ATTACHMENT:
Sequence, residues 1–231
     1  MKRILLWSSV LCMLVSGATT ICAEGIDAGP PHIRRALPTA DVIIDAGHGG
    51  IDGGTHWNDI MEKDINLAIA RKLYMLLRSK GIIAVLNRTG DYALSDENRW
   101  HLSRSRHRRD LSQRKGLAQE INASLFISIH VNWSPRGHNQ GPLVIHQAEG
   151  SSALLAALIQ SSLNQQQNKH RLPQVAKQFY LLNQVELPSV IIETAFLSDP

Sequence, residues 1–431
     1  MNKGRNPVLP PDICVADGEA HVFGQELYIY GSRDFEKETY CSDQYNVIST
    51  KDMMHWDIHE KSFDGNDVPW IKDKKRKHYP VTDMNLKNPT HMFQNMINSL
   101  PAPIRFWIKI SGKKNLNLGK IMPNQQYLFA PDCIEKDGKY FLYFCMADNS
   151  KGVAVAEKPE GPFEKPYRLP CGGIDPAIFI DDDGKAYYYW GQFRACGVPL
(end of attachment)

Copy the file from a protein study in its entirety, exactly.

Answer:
Sequence, residues 1–231
     1  MKRILLWSSV LCMLVSGATT ICAEGIDAGP PHIRRALPTA DVIIDAGHGG
    51  IDGGTHWNDI MEKDINLAIA RKLYMLLRSK GIIAVLNRTG DYALSDENRW
   101  HLSRSRHRRD LSQRKGLAQE INASLFISIH VNWSPRGHNQ GPLVIHQAEG
   151  SSALLAALIQ SSLNQQQNKH RLPQVAKQFY LLNQVELPSV IIETAFLSDP

Sequence, residues 1–431
     1  MNKGRNPVLP PDICVADGEA HVFGQELYIY GSRDFEKETY CSDQYNVIST
    51  KDMMHWDIHE KSFDGNDVPW IKDKKRKHYP VTDMNLKNPT HMFQNMINSL
   101  PAPIRFWIKI SGKKNLNLGK IMPNQQYLFA PDCIEKDGKY FLYFCMADNS
   151  KGVAVAEKPE GPFEKPYRLP CGGIDPAIFI DDDGKAYYYW GQFRACGVPL